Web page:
DARK ANGEL / DEATH / I.N.C.
L’Amour, Brooklyn, New York, USA
March 31st, 1989
Ah, yes! Death and Dark Angel, two of my favourite “bunch of pals” together on a New York stage for the first time since my “controversial” review of the Ultimate Revenge II gig in Philadelphia last October.
So did I get beat up? Did I suffer through extreme physical pain or a verbal slashing at the hands of Mr’s Chuck Schuldiner and Jim Durkin? The answer is: none of the above. In fact, aside from a brief derogatory mention given to yours truly on the part of Mr. Schuldiner during Death’s set, the night was surprisingly friction free, with most of Death and all of Dark Angel not even giving a flying fuck about the fact that I was there (albeit, admittedly, Jim Durkin wasn’t even present at the gig – but more on that later!).
Connecticut’s I.N.C. opened proceedings on this night, and they delivered what I thought was a very average set filled with cuts from their newly released second record, The Visitor, as well as tracks from their Mike Exley-approved debut (Razorback). I’m not gonna say that the crowd liked them, ’cause it was clear that there were quite a few I.N.C. supporters in the audience tonight, but what I saw / heard sounded like third-rate Testament with a singer / bassist (Dennis Gergely) who is probably better off getting someone else to take over the vocal duties. Nuff said.
As Death stormed the stage, it became clear that this was not going to be one of their better sounding shows, with the guitars getting a particularly rough treatment from the L’Amour sound system. Unfortunately, for a band like Death (or any other extreme thrash metal act, for that matter), this usually means that everything turns into total mud and the songs are rendered indistinguishable, and on this occasion, that’s exactly what happened.
Opening their set with ‘Leprosy’, the title track to their second album, Death have visibly become more comfortable on stage, as most of the members are now showing movement a lot more than before and there’s a bit more interaction between the band and the audience.
However, as much as they’re trying to improve in their live delivery, Death are still not a great enough live act to rely solely on their visual appearance for crowd entertainment, and this means that they didn’t come across as convincingly as they normally do with the proper sound and the sheer brutality of their material as the guide.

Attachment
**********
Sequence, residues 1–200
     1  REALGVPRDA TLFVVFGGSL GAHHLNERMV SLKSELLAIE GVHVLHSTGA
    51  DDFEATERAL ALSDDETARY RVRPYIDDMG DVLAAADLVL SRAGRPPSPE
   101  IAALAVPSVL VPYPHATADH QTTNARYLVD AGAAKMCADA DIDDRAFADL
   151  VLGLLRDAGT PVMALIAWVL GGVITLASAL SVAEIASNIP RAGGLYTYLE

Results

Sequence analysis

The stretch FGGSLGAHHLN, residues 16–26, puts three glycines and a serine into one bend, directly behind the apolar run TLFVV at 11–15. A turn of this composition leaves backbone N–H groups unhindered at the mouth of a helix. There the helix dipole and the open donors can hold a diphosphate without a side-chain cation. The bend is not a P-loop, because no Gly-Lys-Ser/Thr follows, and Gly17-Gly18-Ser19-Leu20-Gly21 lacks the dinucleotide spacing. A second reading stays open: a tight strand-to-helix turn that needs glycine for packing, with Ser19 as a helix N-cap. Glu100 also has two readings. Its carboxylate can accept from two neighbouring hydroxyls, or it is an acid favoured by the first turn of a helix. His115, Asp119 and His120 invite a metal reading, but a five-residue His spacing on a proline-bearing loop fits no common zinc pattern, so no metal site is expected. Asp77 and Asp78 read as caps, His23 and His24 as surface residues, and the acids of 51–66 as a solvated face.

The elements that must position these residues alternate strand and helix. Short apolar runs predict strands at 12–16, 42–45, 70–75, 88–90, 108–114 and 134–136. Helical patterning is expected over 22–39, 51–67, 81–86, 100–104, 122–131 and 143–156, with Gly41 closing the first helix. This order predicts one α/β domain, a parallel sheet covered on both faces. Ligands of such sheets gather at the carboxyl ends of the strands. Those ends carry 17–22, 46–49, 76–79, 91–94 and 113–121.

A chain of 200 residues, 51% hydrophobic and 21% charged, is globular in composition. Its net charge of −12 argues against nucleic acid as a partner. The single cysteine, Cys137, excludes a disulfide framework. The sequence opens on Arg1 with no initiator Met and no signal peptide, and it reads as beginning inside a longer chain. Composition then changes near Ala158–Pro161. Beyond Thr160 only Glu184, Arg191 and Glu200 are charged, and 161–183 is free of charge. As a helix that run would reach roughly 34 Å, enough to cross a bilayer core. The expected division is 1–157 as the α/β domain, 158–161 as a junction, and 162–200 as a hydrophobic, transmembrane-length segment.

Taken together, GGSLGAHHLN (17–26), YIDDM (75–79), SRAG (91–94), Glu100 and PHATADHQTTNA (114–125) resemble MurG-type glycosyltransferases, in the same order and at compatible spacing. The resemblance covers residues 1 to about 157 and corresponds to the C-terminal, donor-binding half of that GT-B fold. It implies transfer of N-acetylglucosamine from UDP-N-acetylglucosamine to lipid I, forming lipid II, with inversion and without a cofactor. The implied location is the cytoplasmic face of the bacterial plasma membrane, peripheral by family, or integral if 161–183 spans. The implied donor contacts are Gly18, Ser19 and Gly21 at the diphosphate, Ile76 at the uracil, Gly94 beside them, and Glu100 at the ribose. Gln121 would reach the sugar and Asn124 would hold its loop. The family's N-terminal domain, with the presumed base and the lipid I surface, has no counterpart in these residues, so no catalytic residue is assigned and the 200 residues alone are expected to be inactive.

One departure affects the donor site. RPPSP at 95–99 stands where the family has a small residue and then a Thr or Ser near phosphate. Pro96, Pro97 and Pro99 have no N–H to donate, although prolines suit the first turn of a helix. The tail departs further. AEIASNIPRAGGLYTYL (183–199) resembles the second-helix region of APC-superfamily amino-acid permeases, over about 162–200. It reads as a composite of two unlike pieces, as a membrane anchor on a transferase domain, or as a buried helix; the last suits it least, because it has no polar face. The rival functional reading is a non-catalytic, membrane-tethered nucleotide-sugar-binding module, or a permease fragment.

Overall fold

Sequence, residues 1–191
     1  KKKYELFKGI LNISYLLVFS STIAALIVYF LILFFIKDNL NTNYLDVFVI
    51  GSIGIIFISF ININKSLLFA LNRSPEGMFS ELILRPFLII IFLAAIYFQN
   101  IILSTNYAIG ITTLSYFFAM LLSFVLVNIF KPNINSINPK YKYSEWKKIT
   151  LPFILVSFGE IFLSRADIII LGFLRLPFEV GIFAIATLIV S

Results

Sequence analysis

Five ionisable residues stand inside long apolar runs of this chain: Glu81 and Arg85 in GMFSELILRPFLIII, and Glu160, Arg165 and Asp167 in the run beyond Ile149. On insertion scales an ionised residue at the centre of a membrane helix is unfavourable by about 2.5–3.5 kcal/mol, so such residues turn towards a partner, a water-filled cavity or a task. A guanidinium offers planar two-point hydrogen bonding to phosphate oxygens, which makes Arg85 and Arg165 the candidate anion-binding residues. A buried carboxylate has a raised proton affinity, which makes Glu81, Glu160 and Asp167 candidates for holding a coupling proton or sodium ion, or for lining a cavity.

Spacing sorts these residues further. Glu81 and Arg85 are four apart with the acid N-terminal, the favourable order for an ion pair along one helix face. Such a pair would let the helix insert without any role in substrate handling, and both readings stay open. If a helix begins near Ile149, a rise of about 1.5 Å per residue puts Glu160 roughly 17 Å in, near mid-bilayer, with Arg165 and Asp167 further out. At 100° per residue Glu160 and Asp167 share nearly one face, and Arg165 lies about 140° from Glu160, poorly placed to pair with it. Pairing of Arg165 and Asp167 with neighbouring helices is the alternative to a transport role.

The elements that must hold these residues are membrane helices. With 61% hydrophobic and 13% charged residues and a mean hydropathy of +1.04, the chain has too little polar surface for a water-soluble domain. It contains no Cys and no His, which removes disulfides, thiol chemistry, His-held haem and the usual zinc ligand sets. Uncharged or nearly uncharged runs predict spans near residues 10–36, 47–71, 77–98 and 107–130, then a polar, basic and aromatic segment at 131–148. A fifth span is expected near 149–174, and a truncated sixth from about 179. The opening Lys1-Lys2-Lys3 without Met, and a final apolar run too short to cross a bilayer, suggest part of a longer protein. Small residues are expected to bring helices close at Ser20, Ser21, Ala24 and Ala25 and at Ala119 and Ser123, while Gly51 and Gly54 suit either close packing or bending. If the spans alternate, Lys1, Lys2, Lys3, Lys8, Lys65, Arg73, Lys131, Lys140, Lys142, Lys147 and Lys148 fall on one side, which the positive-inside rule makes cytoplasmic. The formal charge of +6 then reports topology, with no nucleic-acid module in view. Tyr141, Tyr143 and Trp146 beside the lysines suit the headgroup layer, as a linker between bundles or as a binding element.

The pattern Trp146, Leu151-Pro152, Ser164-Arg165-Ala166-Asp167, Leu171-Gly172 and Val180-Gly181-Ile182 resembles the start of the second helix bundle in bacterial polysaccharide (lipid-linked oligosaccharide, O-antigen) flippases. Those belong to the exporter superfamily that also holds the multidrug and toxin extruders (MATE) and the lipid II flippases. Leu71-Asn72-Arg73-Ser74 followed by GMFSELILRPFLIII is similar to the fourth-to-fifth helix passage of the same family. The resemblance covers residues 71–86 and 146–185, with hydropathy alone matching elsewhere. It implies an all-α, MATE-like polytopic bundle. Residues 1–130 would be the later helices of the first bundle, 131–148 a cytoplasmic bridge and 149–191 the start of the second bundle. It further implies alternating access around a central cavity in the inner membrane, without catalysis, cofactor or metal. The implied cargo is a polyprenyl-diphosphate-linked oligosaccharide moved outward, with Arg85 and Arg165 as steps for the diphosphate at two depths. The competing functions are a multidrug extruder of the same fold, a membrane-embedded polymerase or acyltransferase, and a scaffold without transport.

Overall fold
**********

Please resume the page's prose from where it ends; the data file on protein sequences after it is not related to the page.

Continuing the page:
Anyway, Death went through a 50-minute set largely culled from the Leprosy record, with only ‘Infernal Death’, ‘Zombie Ritual’ and ‘Denial Of Life’ (complete with a “fuck off and die” dedication to yours truly – thanks a lot, Charlie!) making an appearance from the first record (Scream Bloody Gore)! Overall, the band sounded quite tight when they could be heard, and it basically seemed like it would have been a good performance if only the sound had been better.
If you read my review of the Ultimate Revenge II gig a few issues back (Metal Forces #34), you’ll undoubtedly be familiar with my views on Dark Angel as a live act. Albeit a good vinyl band (although the production on the new record, Leave Scars, ruins it as far as I’m concerned), Dark Angel are a messy live act, with their high-speed approach often being likened to that of a bowl of mud when performed in a live situation. Tonight’s performance, albeit an improvement from before, was not much different.
Hitting the stage as a four-piece, with guitarist Jim Durkin back in LA due to “family problems”, Dark Angel were admittedly a bit cleaner-sounding than before, with the drums in particular cutting through with a lot more punch. But, even without one guitarist, I’m afraid that the guitar sound is simply too muddy to make any sense whatsoever, instead rendering the songs tuneless.
Visually, however, it was a different story, with the energy level on stage pretty high all throughout and vocalist Ron Rinehart in particular showing his ability as a first-rate frontman. The band seemed to be having fun despite the problems, and overall, it was another strong visual performance from the group.
Now, if only they could do something about that guitar sound…
Review taken from Metal Forces, Issue 39 (1989)
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